A four-year-old dachshund was admitted for progressive para-paresis. The dog had no signs of cardiovascular disease, and cardiac auscultation was unremarkable. The dog was anaesthetised for MRI and subsequently hemilaminectomy. During surgery, drops in blood pressure and end-tidal carbon dioxide were observed concurrent to surgical site haemorrhage. At this time, a rumbling/churning ‘millwheel’-type cardiac murmur was detected via an oesophageal stethoscope. Other anomalies, such as arrhythmias and tachypnoea, were also observed. The planned surgery was shortened and the dog made a full uneventful recovery. The heart murmur audible externally immediately after recovery, disappeared over the following 12 hours. The events reported are compatible with the occurrence of a venous air embolism (VAE). Review of the literature indicates that subclinical VAE might be more frequent than usually believed, as precursor signs might be tenuous and non-evocative of VAE. Awareness of this potentially life-threatening complication should be raised.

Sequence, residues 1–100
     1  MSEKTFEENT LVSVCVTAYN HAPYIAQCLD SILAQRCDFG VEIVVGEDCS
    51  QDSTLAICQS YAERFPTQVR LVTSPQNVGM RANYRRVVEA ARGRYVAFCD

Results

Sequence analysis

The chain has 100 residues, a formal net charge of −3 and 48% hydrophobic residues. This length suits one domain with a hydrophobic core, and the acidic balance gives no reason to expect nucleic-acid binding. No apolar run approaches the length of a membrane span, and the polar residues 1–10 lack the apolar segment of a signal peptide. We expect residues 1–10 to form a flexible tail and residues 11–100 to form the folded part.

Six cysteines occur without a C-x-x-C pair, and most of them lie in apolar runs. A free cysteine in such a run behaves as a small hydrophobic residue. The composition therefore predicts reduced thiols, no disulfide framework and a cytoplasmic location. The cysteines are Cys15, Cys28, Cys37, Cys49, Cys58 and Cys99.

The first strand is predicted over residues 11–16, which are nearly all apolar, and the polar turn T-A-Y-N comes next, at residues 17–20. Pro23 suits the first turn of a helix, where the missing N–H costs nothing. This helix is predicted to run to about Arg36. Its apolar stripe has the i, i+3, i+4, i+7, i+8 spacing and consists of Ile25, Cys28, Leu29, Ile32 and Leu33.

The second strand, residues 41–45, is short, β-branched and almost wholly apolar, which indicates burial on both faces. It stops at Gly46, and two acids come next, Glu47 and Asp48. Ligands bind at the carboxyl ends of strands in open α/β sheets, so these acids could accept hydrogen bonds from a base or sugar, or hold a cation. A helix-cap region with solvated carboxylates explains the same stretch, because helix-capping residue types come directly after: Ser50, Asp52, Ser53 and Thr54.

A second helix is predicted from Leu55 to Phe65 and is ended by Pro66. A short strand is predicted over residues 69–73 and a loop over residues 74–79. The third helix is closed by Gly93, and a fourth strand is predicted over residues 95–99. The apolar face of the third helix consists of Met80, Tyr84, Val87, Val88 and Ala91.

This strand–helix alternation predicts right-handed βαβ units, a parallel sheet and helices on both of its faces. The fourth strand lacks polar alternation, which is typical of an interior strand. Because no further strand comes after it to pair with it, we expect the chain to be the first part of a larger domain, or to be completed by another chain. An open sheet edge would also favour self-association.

- Adverse event
- Vascular air embolism
- Received June 9, 2014.
- Revision received August 21, 2014.
- Accepted September 11, 2014.
- British Veterinary Association
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